The language police: a cautionary tale

T. Hayden Barnes knows what it’s like to be a victim of the language police. His is a cautionary tale for the rest of us.


T. Hayden Barnes

It began a long, long time ago. In March 2007, Valdosta State University (VSU) in Valdosta, Georgia, announced plans to spend $30 million to build two parking decks for 2000 vehicles on campus.

On April 19, Barnes wrote a thoughtful letter to the Editor of the VSU ‘Spectator’ newspaper questioning the wisdom of the decision to build “two large, expensive and ugly” parking decks and calling on the Faculty Senate and Student Government Association to press VSU’s president, Ronald M. Zaccari for answers on numerous questions associated with the plan.

On April 26, Barnes wrote to Zaccari asking for an exemption from the proposed $100 student fee to finance construction of the garages. In return he would contribute $100 to an environmental cause on campus. Attached to his appeal was a flyer replicating a posting on his Facebook page depicting the “Zaccari Memorial Parking Garage”, a sarcastic reference to concerns Zaccari had expressed in a meeting about his “legacy” as VSU’s president.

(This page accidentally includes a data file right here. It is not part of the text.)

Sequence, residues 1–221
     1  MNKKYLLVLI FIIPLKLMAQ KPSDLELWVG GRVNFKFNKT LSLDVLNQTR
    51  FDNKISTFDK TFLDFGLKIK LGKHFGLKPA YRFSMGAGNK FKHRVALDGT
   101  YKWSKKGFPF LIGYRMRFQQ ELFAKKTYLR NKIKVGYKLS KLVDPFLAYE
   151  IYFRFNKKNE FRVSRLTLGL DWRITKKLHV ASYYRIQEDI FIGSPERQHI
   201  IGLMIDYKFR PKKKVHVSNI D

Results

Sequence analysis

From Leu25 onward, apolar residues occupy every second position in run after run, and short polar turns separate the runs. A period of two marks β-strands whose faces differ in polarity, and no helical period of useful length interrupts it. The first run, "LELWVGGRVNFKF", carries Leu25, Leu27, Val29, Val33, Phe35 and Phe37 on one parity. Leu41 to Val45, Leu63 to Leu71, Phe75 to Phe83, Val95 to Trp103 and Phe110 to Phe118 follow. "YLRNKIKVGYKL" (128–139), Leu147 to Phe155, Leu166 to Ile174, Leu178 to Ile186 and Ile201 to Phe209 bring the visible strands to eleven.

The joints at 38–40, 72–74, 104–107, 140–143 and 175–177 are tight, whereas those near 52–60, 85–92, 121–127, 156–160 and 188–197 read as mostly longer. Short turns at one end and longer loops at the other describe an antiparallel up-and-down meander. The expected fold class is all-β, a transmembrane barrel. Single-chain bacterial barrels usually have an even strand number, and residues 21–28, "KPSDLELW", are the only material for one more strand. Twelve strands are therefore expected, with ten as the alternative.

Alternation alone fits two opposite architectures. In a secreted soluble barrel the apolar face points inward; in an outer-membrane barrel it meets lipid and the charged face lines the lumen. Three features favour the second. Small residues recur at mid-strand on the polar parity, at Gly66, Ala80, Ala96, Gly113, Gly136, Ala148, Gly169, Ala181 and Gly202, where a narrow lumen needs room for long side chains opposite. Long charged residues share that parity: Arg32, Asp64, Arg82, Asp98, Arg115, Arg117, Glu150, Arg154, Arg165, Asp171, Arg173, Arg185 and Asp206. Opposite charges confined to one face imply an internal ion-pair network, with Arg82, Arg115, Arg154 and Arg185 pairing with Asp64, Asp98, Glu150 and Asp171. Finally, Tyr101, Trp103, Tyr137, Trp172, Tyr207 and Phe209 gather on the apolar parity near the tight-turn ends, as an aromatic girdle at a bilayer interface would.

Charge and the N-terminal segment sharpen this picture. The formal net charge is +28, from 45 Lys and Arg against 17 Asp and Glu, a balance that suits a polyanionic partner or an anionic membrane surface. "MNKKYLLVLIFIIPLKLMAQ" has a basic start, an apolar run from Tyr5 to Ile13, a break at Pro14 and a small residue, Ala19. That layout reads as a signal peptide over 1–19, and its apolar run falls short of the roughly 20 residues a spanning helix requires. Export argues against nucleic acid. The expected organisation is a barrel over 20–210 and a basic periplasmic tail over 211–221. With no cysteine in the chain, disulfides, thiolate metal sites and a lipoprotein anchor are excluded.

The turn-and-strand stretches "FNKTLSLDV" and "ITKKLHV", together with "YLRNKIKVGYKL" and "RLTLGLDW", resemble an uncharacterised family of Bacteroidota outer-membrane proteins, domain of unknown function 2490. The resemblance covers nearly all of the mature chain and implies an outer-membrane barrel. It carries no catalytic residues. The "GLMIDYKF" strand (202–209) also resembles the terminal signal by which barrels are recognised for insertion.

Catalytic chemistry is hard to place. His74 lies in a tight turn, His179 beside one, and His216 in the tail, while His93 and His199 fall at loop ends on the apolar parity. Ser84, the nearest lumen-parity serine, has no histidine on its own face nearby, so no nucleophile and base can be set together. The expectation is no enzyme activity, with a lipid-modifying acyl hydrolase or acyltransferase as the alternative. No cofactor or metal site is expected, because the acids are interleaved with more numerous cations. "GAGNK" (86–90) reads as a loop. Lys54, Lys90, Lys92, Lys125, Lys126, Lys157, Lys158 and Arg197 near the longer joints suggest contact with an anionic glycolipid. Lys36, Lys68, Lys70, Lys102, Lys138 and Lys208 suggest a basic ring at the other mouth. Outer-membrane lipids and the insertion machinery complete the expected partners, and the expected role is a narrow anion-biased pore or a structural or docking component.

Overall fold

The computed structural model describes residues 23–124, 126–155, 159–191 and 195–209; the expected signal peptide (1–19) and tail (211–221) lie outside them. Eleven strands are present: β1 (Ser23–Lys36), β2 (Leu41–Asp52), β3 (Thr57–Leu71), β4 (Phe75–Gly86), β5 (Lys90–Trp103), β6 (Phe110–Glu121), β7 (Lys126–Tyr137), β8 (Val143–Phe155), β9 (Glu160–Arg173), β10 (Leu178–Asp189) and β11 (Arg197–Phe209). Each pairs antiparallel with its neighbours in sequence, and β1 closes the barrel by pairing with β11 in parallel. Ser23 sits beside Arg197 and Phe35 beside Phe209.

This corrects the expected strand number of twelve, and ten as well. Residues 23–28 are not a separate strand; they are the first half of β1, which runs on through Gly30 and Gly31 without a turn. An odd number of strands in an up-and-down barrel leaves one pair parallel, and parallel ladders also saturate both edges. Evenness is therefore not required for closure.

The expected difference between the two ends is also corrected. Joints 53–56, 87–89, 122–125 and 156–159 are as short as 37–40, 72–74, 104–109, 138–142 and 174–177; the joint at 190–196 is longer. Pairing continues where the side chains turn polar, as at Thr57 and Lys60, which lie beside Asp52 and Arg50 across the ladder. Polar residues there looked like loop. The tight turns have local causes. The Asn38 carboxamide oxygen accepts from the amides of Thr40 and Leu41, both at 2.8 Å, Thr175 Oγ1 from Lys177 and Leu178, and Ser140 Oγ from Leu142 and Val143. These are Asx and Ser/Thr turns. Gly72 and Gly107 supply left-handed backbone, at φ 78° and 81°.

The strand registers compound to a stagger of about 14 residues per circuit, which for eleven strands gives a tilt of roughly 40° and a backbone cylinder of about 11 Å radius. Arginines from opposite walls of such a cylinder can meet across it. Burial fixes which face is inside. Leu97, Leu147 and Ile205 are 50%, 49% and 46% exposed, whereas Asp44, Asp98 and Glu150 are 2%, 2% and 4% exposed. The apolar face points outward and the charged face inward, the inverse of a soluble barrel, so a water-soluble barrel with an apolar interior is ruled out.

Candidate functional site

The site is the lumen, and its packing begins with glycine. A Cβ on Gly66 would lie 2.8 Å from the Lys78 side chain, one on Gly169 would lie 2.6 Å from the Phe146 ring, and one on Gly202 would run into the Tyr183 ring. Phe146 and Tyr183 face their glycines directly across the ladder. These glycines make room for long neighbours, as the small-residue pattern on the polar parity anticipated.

Reaction was swift. Seizing upon the tragic school shootings at Virginia Tech University as a pretext, Zaccari took steps to brand Barnes as a “danger” because of his non-violent speech activities.

On May 7, Zaccari wrote to Barnes asserting that because of his behavior and the flyer he was “a clear and present danger” to the university and had been administratively withdrawn from the school.

Barnes appealed to the Board of Regents of the University System of Georgia. “I hope for redress, so as not to materially interfere with my constitutional rights to due process…,” he said.

Barnes sought help from the Foundation for Individual Rights in Education (FIRE), a nonprofit educational foundation supporting due process and freedom of expression.

In January 2008, Barnes, in cooperation with FIRE, filed a civil rights lawsuit in the U.S. District Court for the Northern District of Georgia against VSU, Zaccari and the Board of Regents of the University System of Georgia.

The Board of Regents reversed Barnes’ expulsion, but the lawsuit went forward.

Three years later…..

The U.S. District Court for the Northern District of Georgia rules in Barnes’ favor. The Board of Regents appealed.

Eight years later…..

On July 23, 2015, more than eight years after his expulsion, Barnes’ lawsuit against VSU and former VSU president Ronald Zaccari concluded with the announcement of a final $900,000 settlement.

“It has been an epic journey,” said Barnes.


P.S. – Barnes ended up graduating from Kennesaw State University in Atlanta, GA.






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